“Re-present (abstract or transform) information from a model.”
I haven’t dealt with Woodbury’s “Reporter” pattern yet, partly because the process of abstracting information in a complex model in tabular or graphic format is often quite trivial in Revit. For many (if not most) things that architects, engineers, and designers need, simply hitting the “schedule” button will suffice. This standard set of tools allows for quantities, many parameters, costs, etc, etc, etc, to be pulled out of the model into tabular form. Data alterations made to this tabular information are driven back into the model. Or, to put it more accurately, the tabular data is simply another “view” of the same data that is represented by model geometry.
Refinements of large amounts of data or additional information can also be drawn from the model using criteria based filters. While basic filter behavior allows for limitation of views and selection based on category, criteria based filters allow users to specify aspects of their model that they want to identify based on ranges or relationships in the data. For instance, you can limit a view to only display columns within a certain height range, or only show doors that have the word “Beelzabub” in the name.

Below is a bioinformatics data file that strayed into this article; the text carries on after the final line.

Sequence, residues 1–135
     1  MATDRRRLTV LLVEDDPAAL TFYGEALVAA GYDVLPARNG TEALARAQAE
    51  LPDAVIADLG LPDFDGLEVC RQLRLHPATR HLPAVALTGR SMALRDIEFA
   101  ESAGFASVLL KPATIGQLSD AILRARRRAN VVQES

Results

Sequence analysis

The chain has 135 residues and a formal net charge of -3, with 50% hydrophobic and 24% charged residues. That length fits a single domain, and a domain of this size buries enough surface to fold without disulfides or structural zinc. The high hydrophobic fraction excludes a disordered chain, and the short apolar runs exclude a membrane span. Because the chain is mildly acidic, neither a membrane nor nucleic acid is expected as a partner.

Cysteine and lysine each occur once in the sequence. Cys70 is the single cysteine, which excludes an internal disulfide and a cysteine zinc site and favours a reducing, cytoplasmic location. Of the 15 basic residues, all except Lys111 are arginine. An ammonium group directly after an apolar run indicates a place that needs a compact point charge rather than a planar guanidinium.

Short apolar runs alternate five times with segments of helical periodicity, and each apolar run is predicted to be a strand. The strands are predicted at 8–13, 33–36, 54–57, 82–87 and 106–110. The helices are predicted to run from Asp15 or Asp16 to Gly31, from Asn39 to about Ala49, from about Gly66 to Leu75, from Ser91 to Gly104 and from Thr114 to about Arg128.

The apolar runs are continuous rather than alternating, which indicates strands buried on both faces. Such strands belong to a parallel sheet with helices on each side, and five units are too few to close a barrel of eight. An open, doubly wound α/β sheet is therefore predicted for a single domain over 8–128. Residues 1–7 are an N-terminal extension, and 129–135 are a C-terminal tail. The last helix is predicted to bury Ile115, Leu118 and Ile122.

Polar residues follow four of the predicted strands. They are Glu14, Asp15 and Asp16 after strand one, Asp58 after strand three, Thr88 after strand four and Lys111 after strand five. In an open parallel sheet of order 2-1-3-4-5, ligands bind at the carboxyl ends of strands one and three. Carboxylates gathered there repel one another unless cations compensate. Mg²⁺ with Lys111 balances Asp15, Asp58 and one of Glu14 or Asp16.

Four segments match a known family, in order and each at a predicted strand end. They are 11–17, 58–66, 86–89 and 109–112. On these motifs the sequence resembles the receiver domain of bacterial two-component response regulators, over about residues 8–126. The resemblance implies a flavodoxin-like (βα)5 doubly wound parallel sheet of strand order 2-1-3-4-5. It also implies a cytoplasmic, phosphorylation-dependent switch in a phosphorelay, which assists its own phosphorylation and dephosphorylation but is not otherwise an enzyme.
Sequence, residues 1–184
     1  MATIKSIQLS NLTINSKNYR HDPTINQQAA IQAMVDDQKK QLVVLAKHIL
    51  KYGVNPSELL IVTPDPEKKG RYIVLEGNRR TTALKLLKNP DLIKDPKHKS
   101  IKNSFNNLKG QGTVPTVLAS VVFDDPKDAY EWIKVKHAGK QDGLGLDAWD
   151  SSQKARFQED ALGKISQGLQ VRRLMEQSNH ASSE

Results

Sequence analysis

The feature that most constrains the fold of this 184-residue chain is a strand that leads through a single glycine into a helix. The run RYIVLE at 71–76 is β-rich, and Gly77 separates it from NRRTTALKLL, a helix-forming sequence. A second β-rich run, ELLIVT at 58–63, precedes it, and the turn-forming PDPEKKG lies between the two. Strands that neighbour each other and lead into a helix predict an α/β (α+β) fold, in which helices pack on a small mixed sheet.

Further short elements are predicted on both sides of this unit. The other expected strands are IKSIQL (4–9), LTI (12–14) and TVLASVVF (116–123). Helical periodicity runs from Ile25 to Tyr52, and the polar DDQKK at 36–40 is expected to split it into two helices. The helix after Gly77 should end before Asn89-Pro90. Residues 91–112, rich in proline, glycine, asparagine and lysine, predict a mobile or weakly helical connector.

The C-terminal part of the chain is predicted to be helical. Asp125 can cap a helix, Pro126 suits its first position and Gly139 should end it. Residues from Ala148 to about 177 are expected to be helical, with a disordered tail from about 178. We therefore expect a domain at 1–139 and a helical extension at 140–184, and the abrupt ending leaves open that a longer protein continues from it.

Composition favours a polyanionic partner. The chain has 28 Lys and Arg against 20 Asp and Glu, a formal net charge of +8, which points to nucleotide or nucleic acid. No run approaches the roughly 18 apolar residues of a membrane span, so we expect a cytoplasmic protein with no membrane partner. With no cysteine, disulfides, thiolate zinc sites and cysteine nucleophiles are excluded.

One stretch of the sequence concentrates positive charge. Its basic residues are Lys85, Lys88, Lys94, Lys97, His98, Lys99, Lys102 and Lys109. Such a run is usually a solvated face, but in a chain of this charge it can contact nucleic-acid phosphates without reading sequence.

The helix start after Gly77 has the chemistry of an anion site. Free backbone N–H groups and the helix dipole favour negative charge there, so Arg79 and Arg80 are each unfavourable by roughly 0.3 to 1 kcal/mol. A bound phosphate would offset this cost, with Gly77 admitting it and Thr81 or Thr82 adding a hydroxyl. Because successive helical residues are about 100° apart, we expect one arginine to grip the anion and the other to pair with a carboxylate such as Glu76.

Along with this out-of-the-box feature based functionality, one can also create family based geometry in such a way that it can add another layer of information to a model, drawing out more information than would otherwise be there.
“Report the out-of-plane polygons of a surface by both color and text”
Please take a look at this post, which is a thorough examination of reporting panel deformation.